The Ferrari F355 has two different engine packages (OBDIO-I=95 and OBDIO-II=96-99), and three different brake packages (95, 96-97, and 98-99). In street braking, there is not much difference in the braking setup and response; and for track use all brake packages should have a set of pads that are more tollerent of heat.
When F1 became available in ?96 or 97? it arrived with an uprated slave cylinder in the clutch throwout system. Like the F348s the clutch (and associated parts) is easy to change even if the parts are expensive. If you have to change anything in the clutch, do the whole thing and use the uprated slave cylinder. Its smoother, lighter, and ever so slightly faster.
The 95 engine has a little more HP and TQ (5 HP and 2-3 lb-ft) from a slightly richer mixture allowed by the OBDIO-I emissions specification. All engines will have header issues if tracked regularly, and the 95 modle year is more affected than later. There is a uprated materials specification if/when header replacement is required. Even with the uprated materials, challenge cars replace the headers yearly. With indifferent street use headers have gone as far as 103,000 miles without failure. The hydraulic pump of the F1 cars saps some power from the engine but performance improves through the faster gear changes available through computer controlled timing of the events. The 360 F1 system is miles ahead in smoothness especially after 2001.
Engines up through the 98 model year can be affected by a valve guide issue detected in 95 based on the 94 348 Challenge cars where the factory changed the vavle guide specification from <some> bronze to sintered steel. In general, if the engine has not run into the valve guide issue by the time it has 20,000 miles it will likely not run into the issue.
The suspension system is excellent, with minor issues relating to the computer controlled shoch absorbers (connector corrosion). The oversteer/understeer relationship is easily manipulated with rear ride height (Google on: Ride couple distribution). The factory specs are just fine for street and even agressive track driving on street tires. I get 9 K miles on a set of max performance street tires where 1,500 of those miles occur on a race track with factory specs. Both front tires and both rear tires turn from treaded tires to slicks within 100 miles of each other. Adding camber speeds up the chassis but beware of making the car faster than the driver. Adding toe calms the car under steady state straight line operation and under braking. Running toe-out is only for track use. The suspension is easily dialed into the driver preference as long as the driver known which direction he want the cars response to move towards. If you lower the car be aware of a high speed heavy braking issue at the front suspension. Staying at the <already> factory ride heights (4.2" of ground clearance) is a good bet and prevents this high speed braking issue.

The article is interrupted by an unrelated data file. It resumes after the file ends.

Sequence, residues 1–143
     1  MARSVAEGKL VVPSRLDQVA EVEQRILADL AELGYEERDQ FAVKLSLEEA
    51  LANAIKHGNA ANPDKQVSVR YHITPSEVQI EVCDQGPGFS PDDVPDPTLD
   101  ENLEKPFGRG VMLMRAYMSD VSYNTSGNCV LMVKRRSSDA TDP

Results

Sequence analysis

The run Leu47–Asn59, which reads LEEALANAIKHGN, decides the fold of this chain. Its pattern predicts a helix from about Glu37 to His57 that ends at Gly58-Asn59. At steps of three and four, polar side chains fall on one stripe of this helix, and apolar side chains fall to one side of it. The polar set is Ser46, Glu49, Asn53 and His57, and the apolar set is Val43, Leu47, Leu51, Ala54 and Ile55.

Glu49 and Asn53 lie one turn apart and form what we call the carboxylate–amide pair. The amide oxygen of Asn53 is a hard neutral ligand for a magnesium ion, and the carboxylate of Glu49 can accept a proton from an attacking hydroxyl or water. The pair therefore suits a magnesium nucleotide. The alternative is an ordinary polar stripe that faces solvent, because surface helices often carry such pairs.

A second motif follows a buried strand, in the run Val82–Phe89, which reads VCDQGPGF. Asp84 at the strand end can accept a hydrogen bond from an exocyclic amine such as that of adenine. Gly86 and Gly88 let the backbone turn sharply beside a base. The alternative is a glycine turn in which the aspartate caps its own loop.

If you want to use r-compound tires or racing slicks, find the challenge specifications for alignment, but don't lower the car unless you also add the challenge spring and shock package. For noon-agressive track use, r-compounds and slicks work pretty well with the factory alignments.
The alignment system (shims) works so well that if you like agressive track driving and calm street driving, get the car sorted on the track first, and them get it aligned back to factory specs on an alignment gig. The difference between the shim thickness can be measured, and when you get to the trank, loosen a bolt, insert the required shims (8 times) and go to town. At the end of the day remove the shims, and presto you are back at street alignment. You will also get most of the toe change desired (out at track and in on the street) with this change as a side bonus.
I dislike the power assist for the steering and prefer the 348 feel of the steering wheel, but I rate this as a very minor issue.
Cars that are used hard over irregular surfaces will see minor paint spider webbing on the rear flying butress (C-piller) as evidence of hard use.
The plastic parts in the interior need to be kept away from Armoural and similar plastic protectants--it turns the plastic parts into a gooy mess.
The leather <especially> needs to be protected from drying out. Feeding the leather once every couple of months or every time you drive for any distance with the windows down; and avoiding letting the car sit in sunlight help a lot. The leather is higher in quality than <say> a C5 Vette, but less tollerant of lack of care.